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Similar testimony can be had for the asking wherever Little League exists. Yet it isn't all that bad.
"About once a year," says Arthur L. Fleshman, who has been active in a suburban league near Albany, N.Y. for four years, "we have trouble with parents. An individual parent might get out of hand now and then by hollering at his kid from the stands. We face up to it and tell him to keep his mouth shut. After that there isn't any more trouble."
Cheers from a mother
"As the mother of a boy who played in Little League," says Mrs. Mary E. Junkins of Morgantown, W. Va., "I want to shout three cheers for the league. The boys are learning good conduct, sportsmanship and how to handle themselves, and they are building their lives on a constructive basis. I think if some of us adults had some of the training these boys are getting there would be no red-faced fathers calling names at the games."
Acutely aware of The Great Parent Problem, national officials at Williamsport have earmarked funds in the new $1 million Little League Foundation for an extensive program in adult leadership training and child psychology. Meanwhile, until the foundation becomes a going concern, they encourage the growth of local clinics for adults, like the well-established one at Mineola, N.Y.
These officials emphasize that one of the ideals of Little League is to stimulate the development of an intimate relationship between son and parents—to interest the parents, especially fathers, who "don't have enough time" to get to know their sons. In practice, they contend, this greatly overbalances the harm done by the minority of thoughtless or self-seeking parents.
Of nearly as much concern as the parents are the managers. They are not required to have professional training either in child care or baseball, a fact that has started the tongue of many a physical education specialist. Some managers, to be sure, have sent their teams out to win at any cost; some have boggled over letting the least talented players have a reasonable chance to play. Where the local league directors insist upon high standards of sportsmanship among the managers, the problem is minimized.
"The quality of the people in our league," says Alex T. Franz Jr. of Wilmette, Ill., "is very high. The thing is handled very, very carefully." Boyd Simmons, a Little League district director and veteran newspaperman, speaks up from Detroit: "All those adults participating are fathers and certainly qualified to handle their youngsters at play if they are qualified to handle them at home. Maybe some of them don't know baseball, but they sure know kids. These are the same adults who are running the Boy Scouts, Girl Scouts, PTA and service clubs in the community, and those groups are thriving under their leadership."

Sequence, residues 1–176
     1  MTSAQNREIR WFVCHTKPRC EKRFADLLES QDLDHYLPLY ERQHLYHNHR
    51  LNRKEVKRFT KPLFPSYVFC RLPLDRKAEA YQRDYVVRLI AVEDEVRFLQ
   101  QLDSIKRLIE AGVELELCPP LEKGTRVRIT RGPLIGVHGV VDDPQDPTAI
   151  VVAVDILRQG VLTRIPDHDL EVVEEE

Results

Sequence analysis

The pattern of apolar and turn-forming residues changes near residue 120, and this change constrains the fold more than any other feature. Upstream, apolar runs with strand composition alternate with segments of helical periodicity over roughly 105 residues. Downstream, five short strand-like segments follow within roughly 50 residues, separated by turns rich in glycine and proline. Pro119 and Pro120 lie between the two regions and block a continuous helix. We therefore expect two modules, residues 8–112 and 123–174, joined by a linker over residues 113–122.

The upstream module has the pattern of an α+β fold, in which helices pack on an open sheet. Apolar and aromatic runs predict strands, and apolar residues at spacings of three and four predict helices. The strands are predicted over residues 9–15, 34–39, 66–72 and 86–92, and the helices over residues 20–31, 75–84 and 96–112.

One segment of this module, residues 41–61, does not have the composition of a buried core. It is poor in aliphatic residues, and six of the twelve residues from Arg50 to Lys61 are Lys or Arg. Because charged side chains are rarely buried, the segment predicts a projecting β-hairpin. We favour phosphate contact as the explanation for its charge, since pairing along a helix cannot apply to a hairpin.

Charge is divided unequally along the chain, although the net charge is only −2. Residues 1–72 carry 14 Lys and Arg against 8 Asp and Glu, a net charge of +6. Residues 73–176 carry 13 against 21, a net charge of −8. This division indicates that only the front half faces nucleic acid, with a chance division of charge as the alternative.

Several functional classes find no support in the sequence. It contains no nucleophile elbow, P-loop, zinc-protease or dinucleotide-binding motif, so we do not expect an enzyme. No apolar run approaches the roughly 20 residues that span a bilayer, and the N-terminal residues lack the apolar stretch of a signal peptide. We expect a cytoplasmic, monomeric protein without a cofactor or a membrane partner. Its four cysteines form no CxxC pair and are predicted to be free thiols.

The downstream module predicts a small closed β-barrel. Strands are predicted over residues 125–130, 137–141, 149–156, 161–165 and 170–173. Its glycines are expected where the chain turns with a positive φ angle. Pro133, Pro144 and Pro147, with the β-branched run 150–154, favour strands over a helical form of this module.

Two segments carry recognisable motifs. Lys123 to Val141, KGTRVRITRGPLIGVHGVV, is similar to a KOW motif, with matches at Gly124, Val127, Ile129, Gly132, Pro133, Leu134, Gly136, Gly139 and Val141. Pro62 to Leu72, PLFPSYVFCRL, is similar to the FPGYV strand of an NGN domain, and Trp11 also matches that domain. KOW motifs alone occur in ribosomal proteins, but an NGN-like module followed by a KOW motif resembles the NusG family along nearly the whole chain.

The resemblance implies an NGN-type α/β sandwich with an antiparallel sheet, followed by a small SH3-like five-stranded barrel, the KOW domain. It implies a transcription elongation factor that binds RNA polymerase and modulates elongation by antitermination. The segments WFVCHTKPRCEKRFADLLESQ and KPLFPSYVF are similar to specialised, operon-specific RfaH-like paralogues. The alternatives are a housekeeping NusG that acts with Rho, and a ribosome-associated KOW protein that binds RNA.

Aside from the paramount problems of competition and the attitudes and qualifications of adults, the Little League undergoes considerable sniping from time to time on other questions. Foremost among these is what the political parties would call the matter of "equal time." Virtually every parent wants his son to be able to play as often and as long as the next boy. In practice this almost never works out, but in many local areas the adult leaders have adopted rules assuring every eligible team member an opportunity to play at least part of every game. For example, in Hamtramck, Mich. a really highly developed program enables every Little Leaguer to participate in 40 games on the average each summer. The all-star team for tournament playoffs is picked in the third week of July; the rest of the players carry on until Labor Day. Hamtramck wisely has a "farm" league setup for boys who fail to make the regular teams. Leagues which fail to satisfy the demand for playing time soon encounter stormy weather. Mutinous parents can be extremely persuasive.
Little League is occasionally criticized from the standpoint of the child's health and safety. "Children 12 years of age and under," says the American Academy of Pediatrics, "are particularly susceptible to bone and joint injury because the growing ends of the long bones have not yet calcified and because they do not possess the protection of adult musculature." The Academy condemns body-contact sports for preteen-agers but condones baseball, with the rider that highly competitive tendencies should be guarded against. In addition there have been medical warnings against carrying children's athletic competition "past the stage of healthful fatigue to harmful exhaustion." Physicians invariably recommend a physical examination for children entering athletic pursuits. The Little League recommends such a thoroughgoing examination for all players at the start of each season.